Short positions are investment strategies in which an investor sells borrowed stocks in the open market with a view to earn profit. This type of position is built up by a trader usually when he/she expects the stock price to drop.
Short positions involve unlimited risk and a limited reward as a trader shorting a particular share worth Rs.30 can gain a maximum of Rs.30 per share if the share price falls to 0 but can end up losing a much higher value if the price goes on increasing. Thus, due to this, short position is a very high risk strategy as opposed to buying a stock and holding it for potential upside.
A short seller borrows the shares from his broker, who usually holds securities for another investor who has bought the shares of the same security. The lender will not lose on the right to sell the securities which are lent, as the broker is expected to hold a huge pool of such securities for various investors. The short seller usually squares up his position at the end of the day or at any time when the price of the security falls below the sell price of the trader and ends up making a profit on the difference.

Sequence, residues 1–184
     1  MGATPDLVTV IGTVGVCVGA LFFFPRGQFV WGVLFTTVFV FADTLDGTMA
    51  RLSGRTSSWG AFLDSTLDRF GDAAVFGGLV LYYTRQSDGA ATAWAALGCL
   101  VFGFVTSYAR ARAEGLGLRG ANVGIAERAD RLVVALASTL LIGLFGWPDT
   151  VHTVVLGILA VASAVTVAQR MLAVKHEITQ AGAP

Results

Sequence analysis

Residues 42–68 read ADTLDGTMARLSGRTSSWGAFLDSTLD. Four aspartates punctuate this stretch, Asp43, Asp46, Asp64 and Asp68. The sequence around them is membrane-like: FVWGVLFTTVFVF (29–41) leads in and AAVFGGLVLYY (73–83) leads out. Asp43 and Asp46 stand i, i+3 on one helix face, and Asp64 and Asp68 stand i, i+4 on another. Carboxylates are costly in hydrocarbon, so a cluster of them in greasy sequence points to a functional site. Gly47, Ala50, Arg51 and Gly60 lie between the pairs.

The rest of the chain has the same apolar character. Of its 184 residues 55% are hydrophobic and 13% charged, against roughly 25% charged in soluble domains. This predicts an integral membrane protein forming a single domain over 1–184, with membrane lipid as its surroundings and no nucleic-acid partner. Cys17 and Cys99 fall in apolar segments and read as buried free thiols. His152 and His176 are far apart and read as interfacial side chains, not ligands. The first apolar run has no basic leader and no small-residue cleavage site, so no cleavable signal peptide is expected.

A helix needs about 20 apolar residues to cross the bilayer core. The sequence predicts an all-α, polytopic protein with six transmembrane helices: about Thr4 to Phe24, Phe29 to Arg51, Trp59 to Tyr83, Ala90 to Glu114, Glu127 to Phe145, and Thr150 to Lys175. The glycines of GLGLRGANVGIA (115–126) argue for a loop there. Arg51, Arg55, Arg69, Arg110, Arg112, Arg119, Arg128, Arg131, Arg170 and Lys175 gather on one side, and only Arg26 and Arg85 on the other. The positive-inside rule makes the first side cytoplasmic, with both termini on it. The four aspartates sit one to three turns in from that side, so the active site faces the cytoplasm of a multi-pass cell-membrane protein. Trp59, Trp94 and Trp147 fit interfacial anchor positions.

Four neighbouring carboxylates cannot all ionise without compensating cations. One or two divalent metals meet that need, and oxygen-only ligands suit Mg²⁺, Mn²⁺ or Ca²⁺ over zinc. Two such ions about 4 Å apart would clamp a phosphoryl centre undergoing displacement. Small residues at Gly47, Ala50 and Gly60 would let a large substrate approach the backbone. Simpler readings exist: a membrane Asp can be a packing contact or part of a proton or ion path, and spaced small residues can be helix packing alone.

To understand short positions, let’s take an example where a trader has sold 1,000 shares of Welspun Corporation at Rs.160. If the price at which the trader covers his position is Rs.152, the trader will make a profit of Rs. 8,000 [(160-152)*1,000] from the above transaction. However, if the price rises after the trader has sold shares at Rs.160 and increases to become Rs.170 and then the trader covers his position, the trader will have to book a loss of Rs.10,000 [(170-160)*1000].
Similar short positions can be taken using derivatives also, by -
- buying a put option
- selling a call option
- selling futures on the underlying asset